International Development Architecture (3 credits)
This course will prepare students to provide development law advice (or advice that is legal in nature and is intended to advance international development objectives) by clarifying the workings of the architecture of international development. It will examine how different international actors (public and private), and different mechanisms for governing economic relationships between developed and developing countries can influence domestic legal and policy reform. The course will consider Rule of Law (RoL) programming as one mechanism amongst others that lawyers can use in pursuing international development objectives.
The course will begin with a review of the approaches development law matters by the United Nations, the Bretton Woods institutions, international financial institutions, and the WTO. In doing so, it will explore the role and operational realities of such organizations within the international development architecture. The course will then open the investigation beyond development-oriented public international organizations to include the private (corporate and non-profit) sector, in order to further examine how development finance can influence domestic legal and regulatory landscapes.
The course will expose students to a broad range of legal and non-legal primary materials (e.g. project agreements, supporting design documents, Poverty Reduction Strategy Papers, Millennium Challenges compacts, etc.). It will highlight the central role that these documents can play in determining national development priorities. It will also highlight the importance of the design of the international development architecture for channelling funds to and between developing countries.
Throughout the course, the following questions will be asked: Where do the rules that affect developing countries’ legislative, regulatory, and policy frameworks (supporting e.g. health, trade, and microfinance) come from? Through what processes do they become integrated into domestic legal landscapes? How directly or indirectly do these rules affect domestic structures? Across the development architecture, how explicit is the use of law for achieving international development goals? What role is there for lawyers within these rule-making / rule-influencing systems?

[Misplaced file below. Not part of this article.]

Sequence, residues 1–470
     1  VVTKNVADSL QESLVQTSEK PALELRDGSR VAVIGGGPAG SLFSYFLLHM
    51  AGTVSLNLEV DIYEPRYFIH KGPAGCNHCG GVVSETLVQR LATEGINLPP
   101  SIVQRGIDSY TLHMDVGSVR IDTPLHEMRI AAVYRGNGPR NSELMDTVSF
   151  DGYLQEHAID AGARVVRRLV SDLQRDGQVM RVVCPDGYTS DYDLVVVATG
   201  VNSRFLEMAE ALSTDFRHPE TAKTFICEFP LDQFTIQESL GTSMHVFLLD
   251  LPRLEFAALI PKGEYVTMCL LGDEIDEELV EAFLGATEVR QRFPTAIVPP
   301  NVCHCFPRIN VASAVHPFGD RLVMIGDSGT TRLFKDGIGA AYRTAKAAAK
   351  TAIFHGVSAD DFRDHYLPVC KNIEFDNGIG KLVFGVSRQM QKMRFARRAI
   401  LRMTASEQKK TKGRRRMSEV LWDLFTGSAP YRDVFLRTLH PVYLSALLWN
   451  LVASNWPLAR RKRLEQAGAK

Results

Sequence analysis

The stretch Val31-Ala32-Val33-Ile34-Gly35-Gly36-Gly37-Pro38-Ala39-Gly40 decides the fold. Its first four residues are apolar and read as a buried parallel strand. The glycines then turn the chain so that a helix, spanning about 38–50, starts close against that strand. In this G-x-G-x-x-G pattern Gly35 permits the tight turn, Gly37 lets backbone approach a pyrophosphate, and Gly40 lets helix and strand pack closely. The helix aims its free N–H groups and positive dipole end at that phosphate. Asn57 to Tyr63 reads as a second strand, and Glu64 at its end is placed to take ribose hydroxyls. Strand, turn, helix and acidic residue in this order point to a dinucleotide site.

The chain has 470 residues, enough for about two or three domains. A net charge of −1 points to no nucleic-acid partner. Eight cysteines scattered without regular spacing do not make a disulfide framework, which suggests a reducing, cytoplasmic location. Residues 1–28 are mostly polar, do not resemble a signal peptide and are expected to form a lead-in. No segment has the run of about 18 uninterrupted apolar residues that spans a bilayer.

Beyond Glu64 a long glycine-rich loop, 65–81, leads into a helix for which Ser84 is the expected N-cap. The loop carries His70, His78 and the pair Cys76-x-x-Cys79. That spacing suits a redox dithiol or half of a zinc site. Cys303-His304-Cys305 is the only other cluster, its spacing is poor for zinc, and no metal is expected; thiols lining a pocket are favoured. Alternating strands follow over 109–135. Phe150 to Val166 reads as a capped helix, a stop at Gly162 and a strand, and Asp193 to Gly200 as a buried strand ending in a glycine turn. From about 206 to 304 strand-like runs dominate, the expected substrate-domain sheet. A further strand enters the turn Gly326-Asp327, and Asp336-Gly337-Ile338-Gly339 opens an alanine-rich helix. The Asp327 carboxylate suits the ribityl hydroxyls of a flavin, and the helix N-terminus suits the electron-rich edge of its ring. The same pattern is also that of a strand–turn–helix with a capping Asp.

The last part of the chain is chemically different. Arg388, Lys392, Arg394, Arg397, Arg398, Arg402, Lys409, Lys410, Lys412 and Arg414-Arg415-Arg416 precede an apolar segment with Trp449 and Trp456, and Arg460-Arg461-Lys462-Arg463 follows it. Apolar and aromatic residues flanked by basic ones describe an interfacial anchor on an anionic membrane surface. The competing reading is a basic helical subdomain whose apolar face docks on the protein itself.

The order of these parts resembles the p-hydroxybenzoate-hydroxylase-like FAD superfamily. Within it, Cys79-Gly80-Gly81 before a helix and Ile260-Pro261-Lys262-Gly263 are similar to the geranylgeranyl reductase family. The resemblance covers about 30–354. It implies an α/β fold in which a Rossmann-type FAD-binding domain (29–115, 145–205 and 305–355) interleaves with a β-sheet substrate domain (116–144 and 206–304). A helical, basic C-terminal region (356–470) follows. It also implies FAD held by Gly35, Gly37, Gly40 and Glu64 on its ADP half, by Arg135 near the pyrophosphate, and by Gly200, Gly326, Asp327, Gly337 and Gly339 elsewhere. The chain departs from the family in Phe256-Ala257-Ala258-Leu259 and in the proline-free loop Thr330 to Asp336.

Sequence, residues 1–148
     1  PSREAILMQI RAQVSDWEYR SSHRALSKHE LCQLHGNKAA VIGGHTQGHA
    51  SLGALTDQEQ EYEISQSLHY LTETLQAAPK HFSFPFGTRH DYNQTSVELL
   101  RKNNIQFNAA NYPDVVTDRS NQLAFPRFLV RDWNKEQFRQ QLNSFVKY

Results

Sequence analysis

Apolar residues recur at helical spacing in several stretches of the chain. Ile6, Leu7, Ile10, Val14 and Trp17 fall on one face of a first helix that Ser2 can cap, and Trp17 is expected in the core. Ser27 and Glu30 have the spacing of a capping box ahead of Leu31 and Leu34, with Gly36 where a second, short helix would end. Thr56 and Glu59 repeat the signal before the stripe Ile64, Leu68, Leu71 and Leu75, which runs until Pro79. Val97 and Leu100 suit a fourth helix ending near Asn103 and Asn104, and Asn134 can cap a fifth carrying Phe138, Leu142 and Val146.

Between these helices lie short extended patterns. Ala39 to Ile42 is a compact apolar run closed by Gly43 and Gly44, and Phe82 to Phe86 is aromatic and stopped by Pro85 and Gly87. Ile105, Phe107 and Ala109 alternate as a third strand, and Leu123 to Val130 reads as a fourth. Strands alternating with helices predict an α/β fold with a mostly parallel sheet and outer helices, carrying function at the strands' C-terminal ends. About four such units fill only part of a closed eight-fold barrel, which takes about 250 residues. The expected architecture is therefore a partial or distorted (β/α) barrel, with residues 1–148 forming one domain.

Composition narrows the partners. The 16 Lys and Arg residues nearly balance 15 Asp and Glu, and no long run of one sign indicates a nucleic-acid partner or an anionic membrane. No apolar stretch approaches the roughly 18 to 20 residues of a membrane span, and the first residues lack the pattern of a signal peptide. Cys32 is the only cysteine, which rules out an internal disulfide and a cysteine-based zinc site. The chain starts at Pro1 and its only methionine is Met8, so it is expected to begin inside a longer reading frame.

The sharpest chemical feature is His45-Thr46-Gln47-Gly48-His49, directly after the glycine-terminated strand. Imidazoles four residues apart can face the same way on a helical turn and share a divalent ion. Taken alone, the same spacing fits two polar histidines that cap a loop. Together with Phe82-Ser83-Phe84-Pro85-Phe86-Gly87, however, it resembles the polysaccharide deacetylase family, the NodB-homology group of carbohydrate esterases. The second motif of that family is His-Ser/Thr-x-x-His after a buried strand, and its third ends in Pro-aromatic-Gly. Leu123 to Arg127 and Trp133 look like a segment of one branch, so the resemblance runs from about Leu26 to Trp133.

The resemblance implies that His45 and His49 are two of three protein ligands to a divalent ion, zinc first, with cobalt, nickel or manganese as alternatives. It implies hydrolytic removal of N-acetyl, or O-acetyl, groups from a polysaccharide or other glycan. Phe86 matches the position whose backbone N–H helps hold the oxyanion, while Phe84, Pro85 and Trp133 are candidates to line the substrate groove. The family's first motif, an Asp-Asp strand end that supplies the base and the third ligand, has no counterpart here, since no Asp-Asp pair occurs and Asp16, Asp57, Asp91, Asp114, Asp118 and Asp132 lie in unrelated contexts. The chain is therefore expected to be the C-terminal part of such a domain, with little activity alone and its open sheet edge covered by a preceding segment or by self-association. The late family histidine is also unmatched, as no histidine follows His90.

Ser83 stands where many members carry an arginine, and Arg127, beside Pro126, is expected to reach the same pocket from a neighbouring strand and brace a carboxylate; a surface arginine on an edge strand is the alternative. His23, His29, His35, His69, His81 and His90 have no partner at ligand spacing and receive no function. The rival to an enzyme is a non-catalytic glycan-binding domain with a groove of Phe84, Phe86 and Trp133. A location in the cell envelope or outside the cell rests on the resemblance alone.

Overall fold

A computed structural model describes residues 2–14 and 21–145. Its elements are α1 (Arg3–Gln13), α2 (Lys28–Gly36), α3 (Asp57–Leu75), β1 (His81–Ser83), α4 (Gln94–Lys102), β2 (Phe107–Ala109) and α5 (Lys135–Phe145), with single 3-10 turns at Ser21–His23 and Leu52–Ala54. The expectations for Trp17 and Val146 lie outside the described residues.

Advising for Economic, Social and Institutional Reform (2 credits)
This course will provide the students with a survey of the substantive areas most frequently dealt with in rule of law initiatives, the key issues present in each area and tested strategies for encouraging reform and building capacity in each area. The course will group the substantive areas into three categories and explore the main issues and reform strategies for each. In this regard, the course will first explore issues related to the development of the legal framework for investment, international trade and intellectual property and the capacity to structure, manage, govern and negotiate in these areas. Second, the course will examine how rule of law initiatives deal with social development issues. This will include an examination of how rule of law initiatives approach issues such as human rights, gender equity, trafficking of people, environment, health and legal empowerment of the poor.
Thirdly, the course will examine how rule of law initiatives are undertaken to improve the institutional framework for justice and governance. This will include examination of how rule of law can be promoted through the promotion of democracy, including promotion and strengthening of common democratic features such free elections, separation and distribution of powers, the functioning of parliaments and other representative bodies, the strengthening and independence of the judiciary, improvement of judicial practice and the administration of justice, access to justice, the control of corruption, strengthening of public procurement, the establishment or improvements of constitutions. Case studies will be used to illustrate the key issues faced and strategies adopted in each area explored. The emphasis will be on strategies which have been adopted in various rule of law initiatives and the lessons which can be drawn from these. Finally, the last modules of the course will provide, through examples relating to the above three areas, solid basic knowledge of Monitoring and Evaluation strategies and techniques and best practices on modalities to cooperate with donors. In particular, in selected topical area we will review evaluations of real projects or relevant evaluation and monitoring guidance materials in the specific subject being dealt with in a given class in order to 1) develop your ability to advise on monitoring and rigorous evaluation of rule of law initiatives and 2) to develop your ability to advise on the design and implement reform initiatives which will help your ”clients” take advantage of what has worked well in the past and avoid or minimize the weaknesses and mistakes of prior efforts.
Rule of Law Project Management (2 credits)